BAMAKO, Mali (AP) — The airwaves in Mali's capital fell silent on Tuesday and newspapers didn't print a morning edition in protest over the arrest last week of an editor who published an open letter challenging the salary of the country's coup leader.
Boukary Daou, editor-in-chief of The Republican newspaper, was taken away by agents from Mali's intelligence service on March 6, soon after his newspaper published a letter from an army officer denouncing Capt. Amadou Haya Sanogo's recently-decreed salary of $8,000 per month, an incredibly high salary in the impoverished country. The letter argues that the salary — as much as 26 times what Sanogo earned before last year's coup — is in fact an incentive for future coups.
Sanogo seized power a year ago last March. Faced with international sanctions, he was forced to relinquish control just weeks later, but succeeded in negotiating a golden parachute for himself, including the salary of an ex-head of state. Despite officially stepping down, country watchers say Sanogo remains the power behind the throne, as Daou's arrest seven days ago underscores.
The media strike began on Tuesday and "will continue until Boukary Daou is freed," according to a statement from the country's press association.
President Dioncounda Traore defended the decision to arrest Daou and said that if he is innocent, he will be freed. Speaking to reporters during a stop in the capital of neighboring Senegal, Traore said the letter published in The Republican was subversive, and aimed to demoralize the nation's troops at a time of war.
"Mali is in a state of emergency. We all need to remember this. We are in a state of war, and we cannot allow this kind of thing," he said. "If he is guilty, he will need to answer to the courts. If he is not, there's no reason he'll be kept in prison," he added.
Kassim Traore, the president of the Young Journalists' Organization of Mali said that Daou has refused to disclose the identity of the officer, who penned the letter under the name Capt. Toure.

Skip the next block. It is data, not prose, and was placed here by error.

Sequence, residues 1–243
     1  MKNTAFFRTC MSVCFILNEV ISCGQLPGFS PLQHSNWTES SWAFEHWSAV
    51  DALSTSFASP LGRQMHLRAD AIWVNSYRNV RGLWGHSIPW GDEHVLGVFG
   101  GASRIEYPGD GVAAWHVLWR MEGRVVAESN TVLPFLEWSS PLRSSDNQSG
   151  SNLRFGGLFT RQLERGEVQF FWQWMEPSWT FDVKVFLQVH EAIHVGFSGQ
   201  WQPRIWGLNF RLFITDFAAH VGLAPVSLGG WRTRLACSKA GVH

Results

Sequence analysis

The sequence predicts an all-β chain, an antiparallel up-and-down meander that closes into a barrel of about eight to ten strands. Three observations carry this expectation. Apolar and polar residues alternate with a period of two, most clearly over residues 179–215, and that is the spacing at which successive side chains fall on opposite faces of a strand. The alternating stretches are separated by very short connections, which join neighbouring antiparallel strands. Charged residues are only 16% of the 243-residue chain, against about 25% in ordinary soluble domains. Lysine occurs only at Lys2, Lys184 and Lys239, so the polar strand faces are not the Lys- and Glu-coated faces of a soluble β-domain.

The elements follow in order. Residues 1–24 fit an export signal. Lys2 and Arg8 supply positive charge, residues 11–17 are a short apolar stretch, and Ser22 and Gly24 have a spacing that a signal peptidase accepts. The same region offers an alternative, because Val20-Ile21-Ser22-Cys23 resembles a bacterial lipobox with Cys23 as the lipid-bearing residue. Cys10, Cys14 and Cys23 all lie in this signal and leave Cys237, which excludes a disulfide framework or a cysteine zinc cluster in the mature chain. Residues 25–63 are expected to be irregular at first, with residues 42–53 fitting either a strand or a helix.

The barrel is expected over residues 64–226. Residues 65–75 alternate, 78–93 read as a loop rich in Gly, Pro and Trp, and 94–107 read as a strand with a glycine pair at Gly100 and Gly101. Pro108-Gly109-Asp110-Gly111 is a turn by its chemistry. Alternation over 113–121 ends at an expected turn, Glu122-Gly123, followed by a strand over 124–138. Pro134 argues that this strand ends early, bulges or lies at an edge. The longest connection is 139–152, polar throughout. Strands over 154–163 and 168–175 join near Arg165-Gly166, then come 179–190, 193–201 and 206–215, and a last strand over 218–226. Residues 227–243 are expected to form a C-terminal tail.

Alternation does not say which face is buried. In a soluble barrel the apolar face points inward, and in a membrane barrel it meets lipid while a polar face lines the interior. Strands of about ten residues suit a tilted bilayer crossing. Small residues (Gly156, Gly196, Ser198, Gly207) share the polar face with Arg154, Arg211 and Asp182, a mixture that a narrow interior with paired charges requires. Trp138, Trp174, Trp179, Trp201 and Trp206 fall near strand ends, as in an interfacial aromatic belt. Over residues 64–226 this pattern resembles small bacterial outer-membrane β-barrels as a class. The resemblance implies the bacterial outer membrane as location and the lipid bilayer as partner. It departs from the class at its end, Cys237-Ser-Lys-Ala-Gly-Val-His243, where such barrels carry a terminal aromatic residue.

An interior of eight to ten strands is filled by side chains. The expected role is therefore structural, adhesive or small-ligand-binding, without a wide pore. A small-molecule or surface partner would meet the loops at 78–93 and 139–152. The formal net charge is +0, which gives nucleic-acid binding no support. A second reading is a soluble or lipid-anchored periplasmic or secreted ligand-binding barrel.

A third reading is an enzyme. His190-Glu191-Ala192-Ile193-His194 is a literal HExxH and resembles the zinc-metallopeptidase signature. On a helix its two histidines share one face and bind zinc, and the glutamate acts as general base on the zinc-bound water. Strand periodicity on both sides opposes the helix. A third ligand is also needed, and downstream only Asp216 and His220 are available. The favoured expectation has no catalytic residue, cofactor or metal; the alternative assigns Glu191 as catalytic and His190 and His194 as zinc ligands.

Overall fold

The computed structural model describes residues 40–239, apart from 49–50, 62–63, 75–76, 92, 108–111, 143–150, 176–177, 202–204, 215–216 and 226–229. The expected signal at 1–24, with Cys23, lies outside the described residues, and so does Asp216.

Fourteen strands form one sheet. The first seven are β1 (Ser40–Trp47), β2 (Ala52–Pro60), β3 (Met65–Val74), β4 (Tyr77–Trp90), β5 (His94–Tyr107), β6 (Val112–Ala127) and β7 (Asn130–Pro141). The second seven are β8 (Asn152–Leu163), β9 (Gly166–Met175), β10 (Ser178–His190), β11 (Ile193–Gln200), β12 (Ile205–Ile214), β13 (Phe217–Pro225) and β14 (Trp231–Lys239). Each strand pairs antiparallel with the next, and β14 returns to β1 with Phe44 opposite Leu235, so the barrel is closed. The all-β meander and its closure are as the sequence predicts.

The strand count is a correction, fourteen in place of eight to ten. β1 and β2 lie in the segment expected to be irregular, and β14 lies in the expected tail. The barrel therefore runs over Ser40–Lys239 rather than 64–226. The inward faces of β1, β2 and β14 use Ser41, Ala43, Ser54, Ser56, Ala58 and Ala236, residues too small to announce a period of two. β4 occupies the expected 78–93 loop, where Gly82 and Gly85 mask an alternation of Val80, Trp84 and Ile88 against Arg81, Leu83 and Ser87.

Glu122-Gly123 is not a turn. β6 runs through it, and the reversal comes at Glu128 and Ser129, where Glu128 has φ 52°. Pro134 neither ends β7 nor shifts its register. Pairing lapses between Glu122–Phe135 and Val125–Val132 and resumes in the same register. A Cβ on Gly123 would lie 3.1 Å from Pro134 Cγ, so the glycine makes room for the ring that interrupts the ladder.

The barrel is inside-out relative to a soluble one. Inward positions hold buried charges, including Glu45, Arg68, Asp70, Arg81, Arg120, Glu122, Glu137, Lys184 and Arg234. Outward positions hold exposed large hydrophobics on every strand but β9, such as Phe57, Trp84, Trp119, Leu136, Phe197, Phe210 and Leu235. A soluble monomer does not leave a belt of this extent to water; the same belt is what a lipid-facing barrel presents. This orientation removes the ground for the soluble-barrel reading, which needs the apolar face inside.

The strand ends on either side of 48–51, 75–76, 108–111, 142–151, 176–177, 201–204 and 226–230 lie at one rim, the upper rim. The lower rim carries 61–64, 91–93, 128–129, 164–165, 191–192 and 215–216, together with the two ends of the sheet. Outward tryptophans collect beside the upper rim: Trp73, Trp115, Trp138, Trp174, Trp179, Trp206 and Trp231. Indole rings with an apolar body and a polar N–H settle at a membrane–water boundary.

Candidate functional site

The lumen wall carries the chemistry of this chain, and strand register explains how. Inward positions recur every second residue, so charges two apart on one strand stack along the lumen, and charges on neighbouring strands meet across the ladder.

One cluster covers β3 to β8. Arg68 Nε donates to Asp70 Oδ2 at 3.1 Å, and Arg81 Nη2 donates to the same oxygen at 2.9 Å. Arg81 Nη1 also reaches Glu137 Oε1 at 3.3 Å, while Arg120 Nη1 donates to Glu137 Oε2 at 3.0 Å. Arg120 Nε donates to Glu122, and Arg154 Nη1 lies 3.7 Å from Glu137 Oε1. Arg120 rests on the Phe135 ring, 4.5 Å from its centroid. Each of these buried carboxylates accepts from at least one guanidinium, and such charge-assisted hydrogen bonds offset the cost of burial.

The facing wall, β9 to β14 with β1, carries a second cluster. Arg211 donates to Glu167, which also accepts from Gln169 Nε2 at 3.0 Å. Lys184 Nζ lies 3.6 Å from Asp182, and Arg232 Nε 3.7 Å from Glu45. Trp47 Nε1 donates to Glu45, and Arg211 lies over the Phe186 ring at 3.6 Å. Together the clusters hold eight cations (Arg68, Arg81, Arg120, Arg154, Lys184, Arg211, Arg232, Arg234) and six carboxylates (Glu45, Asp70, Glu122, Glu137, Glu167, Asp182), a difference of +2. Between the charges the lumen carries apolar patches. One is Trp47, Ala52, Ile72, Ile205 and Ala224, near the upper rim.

"The security agents demanded that Daou give the name of his source and Daou refused, which is his duty as a journalist," said Traore. "It's because he would not disclose the name of his source that they are still detaining him, which is why the leaders of the Malian press have organized this No Press Day in order to free our colleague," he said.
In the chaos that followed Sanogo's coup last year, a mixture of rebel groups allied with al-Qaida occupied Mali's northern half, plunging the country and the region into crisis. Since January, French troops, helped by Malian soldiers, have been methodically clearing the north. The letter published in The Republican threatened that if Sanogo's salary is not reduced, soldiers deployed in Mali's north will refuse to fight. The average salary of a rank-and-file soldier is just $100 per month, 80 times less than what Sanogo is now earning.
The incendiary letter began: "Mr. President, we have learned that while we are dying in the great desert (in northern Mali), Capt. Sanogo, in return for leading a coup that plunged the country into the current situation, enjoys a salary of 4 million francs ($8,000). And the others in his group, in his clan, who are refusing to come fight are enjoying the same treatment," wrote Capt. Toure. "If this decision (to accord him this salary) is not reversed within the next two weeks, we will cease ... fighting."
A communique read on state television late Monday said Mali's military had not been able to find an officer of that rank with that name, and urged the press "to be more vigilant in the face of the obscure endeavors (of those) seeking to compromise the unity and discipline of our troops in the field." The communique added that "the investigation is in progress by the relevant authorities in order to identify the real author of this fake letter whose aim was to destabilize our army."
Associated Press writers Babacar Dione and Rukmini Callimachi contributed to this report from Dakar, Senegal.
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